I had come into the FX forum right now for the very purpose of posting this question to the forum. Then instantly I see this thread near the top ... taking advantage of it to see if I can learn about them here.
So please tell me that Source Audio line up is constructed of metal. If not, that will be a huge point of consideration against them for my own uses. Seems silly, but there it is.
That said, the new SB2 and programmable EQ pedals are indeed metal, so don't fear.
That's indeed a relief. I don't mind some plastic stuff, but not things I'm going to be stepping on. And not only that, but often times plastic construction can be telling of other cost-cutting measures utilized by a given maker.
On the other hand, I used to own some stuff that had incredibly tough construction, all metal stuff. But the execution was terrible. The pots and jacks were all pcb-mounted. The pots weren't even secured to the chassis, so if you pushed down on a knob, all of the knobs moved up and down since you were making the circuit board flex. Jacks mounted to the pcb are a huge bummer as well, especially jacks with no nuts. It means that their only means of holding them to the pedal is the solder joints themselves.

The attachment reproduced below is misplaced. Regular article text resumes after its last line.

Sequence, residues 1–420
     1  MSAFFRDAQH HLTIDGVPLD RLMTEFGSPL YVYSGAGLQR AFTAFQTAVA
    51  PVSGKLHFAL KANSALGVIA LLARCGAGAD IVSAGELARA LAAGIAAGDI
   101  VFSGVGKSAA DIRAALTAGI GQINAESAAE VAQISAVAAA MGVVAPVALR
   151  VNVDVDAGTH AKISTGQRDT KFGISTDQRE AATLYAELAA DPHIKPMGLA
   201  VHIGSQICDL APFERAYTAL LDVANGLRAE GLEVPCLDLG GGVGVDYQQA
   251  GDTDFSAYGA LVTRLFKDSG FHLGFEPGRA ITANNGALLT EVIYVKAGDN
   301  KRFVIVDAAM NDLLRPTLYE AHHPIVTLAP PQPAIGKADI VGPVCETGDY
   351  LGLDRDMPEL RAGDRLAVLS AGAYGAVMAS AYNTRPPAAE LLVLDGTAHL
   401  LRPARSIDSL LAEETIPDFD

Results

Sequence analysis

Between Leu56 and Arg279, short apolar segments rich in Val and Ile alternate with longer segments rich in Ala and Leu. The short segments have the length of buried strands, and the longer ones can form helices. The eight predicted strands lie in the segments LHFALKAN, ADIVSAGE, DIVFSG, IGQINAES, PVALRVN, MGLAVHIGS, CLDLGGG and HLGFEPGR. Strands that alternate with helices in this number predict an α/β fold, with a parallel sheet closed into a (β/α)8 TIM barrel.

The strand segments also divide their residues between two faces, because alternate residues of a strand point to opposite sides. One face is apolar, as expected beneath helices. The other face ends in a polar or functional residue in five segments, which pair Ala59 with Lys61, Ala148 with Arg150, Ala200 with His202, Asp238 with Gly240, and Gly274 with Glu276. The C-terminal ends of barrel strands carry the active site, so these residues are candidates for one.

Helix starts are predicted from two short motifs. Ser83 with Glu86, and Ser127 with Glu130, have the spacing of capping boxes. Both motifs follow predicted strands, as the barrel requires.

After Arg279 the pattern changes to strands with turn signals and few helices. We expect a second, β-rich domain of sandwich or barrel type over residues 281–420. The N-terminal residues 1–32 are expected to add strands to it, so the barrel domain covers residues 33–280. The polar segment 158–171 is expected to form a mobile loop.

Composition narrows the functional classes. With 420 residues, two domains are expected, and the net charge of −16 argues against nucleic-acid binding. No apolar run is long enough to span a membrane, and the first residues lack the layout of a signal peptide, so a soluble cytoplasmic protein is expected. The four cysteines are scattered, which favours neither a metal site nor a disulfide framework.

If you'll notice, those units have been totally discontinued! (Gee, wonder why?). They sounded REALLY GOOD, but they were built like poo (even though they look like they're tough as manhole covers .. and their chassis WERE!). Oddly enough that company is called ... get this .. Damage Control.
Look at their new stuff ...